Kyle Busch overcomes penalty to win NNS at Phoenix

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Despite suffering a pit road speeding penalty in the early going, pole sitter Kyle Busch raced back up to the front and took the checkered flag in today’s NASCAR Nationwide Series race at Phoenix.

En route to his 52nd career NNS victory (tops all-time in NASCAR’s No. 2 series), “Rowdy” also became the NNS’ all-time lap leader on Saturday. His 142 laps led brings his grand total in the series to 11,135 circuits paced.

Busch was leading the way up to a caution for a Dexter Stacey spin on Lap 39, and was hit with the penalty one lap later. That knocked him back to 22nd on the subsequent restart, but Busch charged up the pylon until he re-took the point on Lap 89.

Busch went on to beat Brad Keselowski to the stripe by almost two seconds, with third place going to Justin Allgaier, and Trevor Bayne and Elliott Sadler rounding out the top five.

It was Busch’s first NNS victory since September of 2011 at Richmond’s 3/4-mile bullring.

“I was almost nervous, feeling like it was my first win, although it’s win No. 52 in the series,” he said. “It’s nice to be back.”

He’ll now shift his attention to Sunday’s main event for the Sprint Cup Series on the Phoenix mile. Busch was second-fastest in final Sprint Cup practice on Saturday afternoon and will start fourth for the Subway Fresh Fit 500k (Sun., 3 pm ET).

IndyCar 2017 driver review: Ed Carpenter

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MotorSportsTalk continues its annual review of the Verizon IndyCar Series drivers that raced in 2017. The 2017 season behind the wheel was better for Ed Carpenter than either of the last two years, but still wasn’t ideal results-wise in his six oval starts.

Ed Carpenter, No. 20 Ed Carpenter Racing Chevrolet

  • 2016: 25th Place (5 Starts), Best Finish 18th, Best Start 5th, 0 Top-5, 0 Top-10, 1 Lap Led, 11.2 Avg. Start, 21.8 Avg. Finish
  • 2017: 22nd Place (6 Starts), Best Finish 7th, Best Start 2nd, 0 Top-5, 1 Top-10, 5 Laps Led, 11.3 Avg. Start, 12.3 Avg. Finish

Ed Carpenter’s 2017 season was largely one of frustration, both behind the wheel and as a team owner.

While a respectable turnaround in results occurred – Carpenter finished between seventh and 12th in five of his six oval races after a nightmare season of ending 18th or worse in each of his 2016 starts – this is still not what he sets out to strive for in the races he does. Lost opportunities loomed larger than any official result he or the Ed Carpenter Racing team achieved.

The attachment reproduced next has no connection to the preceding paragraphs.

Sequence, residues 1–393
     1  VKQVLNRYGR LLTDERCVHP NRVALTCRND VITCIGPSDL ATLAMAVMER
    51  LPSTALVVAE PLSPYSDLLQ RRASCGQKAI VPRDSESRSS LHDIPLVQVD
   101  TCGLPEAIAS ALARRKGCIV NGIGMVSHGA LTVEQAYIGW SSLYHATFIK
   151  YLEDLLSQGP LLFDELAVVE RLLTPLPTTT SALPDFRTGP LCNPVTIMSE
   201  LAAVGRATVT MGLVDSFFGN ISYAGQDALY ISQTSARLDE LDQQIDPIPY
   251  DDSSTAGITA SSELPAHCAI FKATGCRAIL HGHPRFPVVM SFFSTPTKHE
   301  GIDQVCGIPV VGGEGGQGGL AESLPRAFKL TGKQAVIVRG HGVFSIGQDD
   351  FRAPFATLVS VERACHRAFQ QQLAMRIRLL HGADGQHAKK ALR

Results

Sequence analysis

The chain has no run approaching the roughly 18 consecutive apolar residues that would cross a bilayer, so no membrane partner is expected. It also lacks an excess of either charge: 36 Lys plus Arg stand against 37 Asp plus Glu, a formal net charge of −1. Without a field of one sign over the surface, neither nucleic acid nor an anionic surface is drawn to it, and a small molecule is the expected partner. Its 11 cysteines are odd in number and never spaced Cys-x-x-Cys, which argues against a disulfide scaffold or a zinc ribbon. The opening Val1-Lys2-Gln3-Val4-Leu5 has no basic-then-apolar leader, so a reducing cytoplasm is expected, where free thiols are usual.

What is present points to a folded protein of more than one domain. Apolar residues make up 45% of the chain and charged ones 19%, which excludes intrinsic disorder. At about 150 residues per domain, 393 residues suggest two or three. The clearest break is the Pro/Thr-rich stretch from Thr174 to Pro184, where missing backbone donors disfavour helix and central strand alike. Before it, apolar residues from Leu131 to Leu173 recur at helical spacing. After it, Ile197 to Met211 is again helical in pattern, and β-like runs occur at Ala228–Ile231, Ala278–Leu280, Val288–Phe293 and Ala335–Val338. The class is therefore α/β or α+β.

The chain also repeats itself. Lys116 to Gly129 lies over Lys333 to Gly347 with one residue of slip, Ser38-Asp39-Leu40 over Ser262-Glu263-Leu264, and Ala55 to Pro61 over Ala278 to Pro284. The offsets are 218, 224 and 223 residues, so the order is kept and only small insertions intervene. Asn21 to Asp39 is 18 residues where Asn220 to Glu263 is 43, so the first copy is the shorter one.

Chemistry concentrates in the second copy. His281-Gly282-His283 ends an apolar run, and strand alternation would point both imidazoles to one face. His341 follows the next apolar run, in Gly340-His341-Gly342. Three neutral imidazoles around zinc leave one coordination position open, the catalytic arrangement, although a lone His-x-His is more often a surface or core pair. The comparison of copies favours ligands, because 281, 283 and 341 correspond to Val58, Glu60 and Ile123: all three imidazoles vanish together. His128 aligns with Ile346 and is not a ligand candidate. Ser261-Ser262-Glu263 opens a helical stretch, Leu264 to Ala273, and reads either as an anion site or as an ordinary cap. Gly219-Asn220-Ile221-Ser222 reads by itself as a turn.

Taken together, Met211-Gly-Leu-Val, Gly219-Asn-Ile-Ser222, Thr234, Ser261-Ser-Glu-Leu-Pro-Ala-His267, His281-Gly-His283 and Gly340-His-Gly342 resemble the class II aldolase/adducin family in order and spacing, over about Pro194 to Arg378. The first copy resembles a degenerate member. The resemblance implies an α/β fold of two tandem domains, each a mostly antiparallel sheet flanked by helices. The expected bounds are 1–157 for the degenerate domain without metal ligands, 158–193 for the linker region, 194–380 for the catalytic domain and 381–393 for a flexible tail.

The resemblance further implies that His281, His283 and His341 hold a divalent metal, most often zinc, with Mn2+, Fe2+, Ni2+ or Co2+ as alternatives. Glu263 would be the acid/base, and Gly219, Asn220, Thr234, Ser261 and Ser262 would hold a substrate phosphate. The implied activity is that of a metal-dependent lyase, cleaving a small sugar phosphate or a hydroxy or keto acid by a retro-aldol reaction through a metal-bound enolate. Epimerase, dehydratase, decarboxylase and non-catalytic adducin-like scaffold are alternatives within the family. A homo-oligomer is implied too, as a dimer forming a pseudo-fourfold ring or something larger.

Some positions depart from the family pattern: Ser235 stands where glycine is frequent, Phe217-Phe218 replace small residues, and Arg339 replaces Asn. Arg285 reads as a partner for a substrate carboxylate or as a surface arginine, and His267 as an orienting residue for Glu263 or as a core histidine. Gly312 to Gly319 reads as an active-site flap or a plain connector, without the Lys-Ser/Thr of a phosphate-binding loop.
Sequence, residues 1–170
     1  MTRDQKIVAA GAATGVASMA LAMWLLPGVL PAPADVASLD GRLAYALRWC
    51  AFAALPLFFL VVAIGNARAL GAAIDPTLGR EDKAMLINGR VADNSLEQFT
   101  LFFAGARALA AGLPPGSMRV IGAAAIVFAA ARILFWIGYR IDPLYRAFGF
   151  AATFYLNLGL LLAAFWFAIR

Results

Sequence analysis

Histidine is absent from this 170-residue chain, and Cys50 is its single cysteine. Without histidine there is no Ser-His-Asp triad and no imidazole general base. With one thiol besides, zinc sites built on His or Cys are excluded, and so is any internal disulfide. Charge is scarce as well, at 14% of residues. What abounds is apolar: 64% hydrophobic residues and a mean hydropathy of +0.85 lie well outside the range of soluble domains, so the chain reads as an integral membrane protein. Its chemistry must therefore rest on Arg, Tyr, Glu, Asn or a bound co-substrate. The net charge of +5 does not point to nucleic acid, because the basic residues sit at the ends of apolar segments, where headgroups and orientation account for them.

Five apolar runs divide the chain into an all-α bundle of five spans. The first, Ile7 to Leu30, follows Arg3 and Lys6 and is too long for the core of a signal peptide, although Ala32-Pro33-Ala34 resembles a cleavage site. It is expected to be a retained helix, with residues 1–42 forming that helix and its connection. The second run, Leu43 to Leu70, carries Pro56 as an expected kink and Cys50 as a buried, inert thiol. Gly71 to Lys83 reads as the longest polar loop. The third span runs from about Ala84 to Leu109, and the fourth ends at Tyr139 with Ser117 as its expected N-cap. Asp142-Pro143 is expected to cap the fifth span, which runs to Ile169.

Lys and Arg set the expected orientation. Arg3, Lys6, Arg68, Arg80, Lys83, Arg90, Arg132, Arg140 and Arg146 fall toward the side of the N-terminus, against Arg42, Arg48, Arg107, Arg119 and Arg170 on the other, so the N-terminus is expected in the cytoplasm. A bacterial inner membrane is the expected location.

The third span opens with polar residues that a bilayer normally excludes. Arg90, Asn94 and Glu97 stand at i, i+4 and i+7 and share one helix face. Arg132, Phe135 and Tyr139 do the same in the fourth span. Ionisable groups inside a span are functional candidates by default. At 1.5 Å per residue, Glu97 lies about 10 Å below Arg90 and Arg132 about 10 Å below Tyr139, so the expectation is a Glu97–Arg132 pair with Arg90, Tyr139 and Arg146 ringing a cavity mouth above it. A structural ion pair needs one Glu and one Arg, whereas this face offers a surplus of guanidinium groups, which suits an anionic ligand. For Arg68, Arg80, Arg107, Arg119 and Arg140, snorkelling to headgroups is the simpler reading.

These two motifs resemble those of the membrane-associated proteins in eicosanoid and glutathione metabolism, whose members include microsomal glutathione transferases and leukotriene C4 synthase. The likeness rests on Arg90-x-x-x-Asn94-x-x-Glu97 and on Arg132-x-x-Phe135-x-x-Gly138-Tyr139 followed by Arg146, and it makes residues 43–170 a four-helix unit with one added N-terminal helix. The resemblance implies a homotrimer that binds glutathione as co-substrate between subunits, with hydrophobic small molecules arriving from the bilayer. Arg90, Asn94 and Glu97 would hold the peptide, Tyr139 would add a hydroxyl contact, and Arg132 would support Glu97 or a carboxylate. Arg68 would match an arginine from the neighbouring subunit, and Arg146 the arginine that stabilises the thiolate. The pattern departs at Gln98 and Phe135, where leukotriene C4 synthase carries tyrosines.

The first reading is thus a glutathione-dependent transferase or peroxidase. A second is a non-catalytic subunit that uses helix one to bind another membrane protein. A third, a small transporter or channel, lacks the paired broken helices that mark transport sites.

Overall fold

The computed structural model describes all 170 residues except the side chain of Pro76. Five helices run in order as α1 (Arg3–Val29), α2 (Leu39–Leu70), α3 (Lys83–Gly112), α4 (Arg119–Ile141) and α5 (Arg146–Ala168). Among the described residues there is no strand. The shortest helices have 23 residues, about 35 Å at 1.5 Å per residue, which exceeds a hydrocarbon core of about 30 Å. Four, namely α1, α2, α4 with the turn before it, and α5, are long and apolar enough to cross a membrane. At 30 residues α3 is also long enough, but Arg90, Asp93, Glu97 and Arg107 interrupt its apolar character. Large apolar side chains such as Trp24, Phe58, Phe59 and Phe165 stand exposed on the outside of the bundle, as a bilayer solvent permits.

Carpenter and new teammate JR Hildebrand, in for the departed Josef Newgarden, dominated preseason testing in Phoenix but Hildebrand could only muster third in the race, Carpenter a season-best seventh. Then at Indianapolis, Carpenter (second) and Hildebrand (sixth) flew the flag for Chevrolet in qualifying and practice pace, but they fell to 11th and 16th on race day owing to a front-wing change and late-race penalty for passing before a restart.

Both drivers got collected in incidents at Texas. Hildebrand qualified and finished a season-best second in Iowa but that result came only after the ECR crew rebuilt his car from a crash in practice. Then Carpenter had a practice crash in Pocono and despite a rapid rebuild, they missed the clock to qualify by mere minutes and were unable to do so. Carpenter’s spin on a slick Gateway track at the start of the race sent him over Will Power’s nose assembly in one of the scarier looking incidents of the year, although fortunately he was OK.

In a similar refrain as we often write, it’s not that Carpenter’s lost his ability to drive and he remains one of the series’ savviest and smartest people in the paddock. There have been a lot of extenuating circumstances of late, and it almost felt as though this team had “empty nest” components. Since September, Carpenter has had to secure his team’s future with a move away from its Speedway, Ind. shop, line up Spencer Pigot for a full-time drive replacing Hildebrand in the No. 21 car, find a new road/street course driver in the No. 20 car, and manage both driving and owning himself.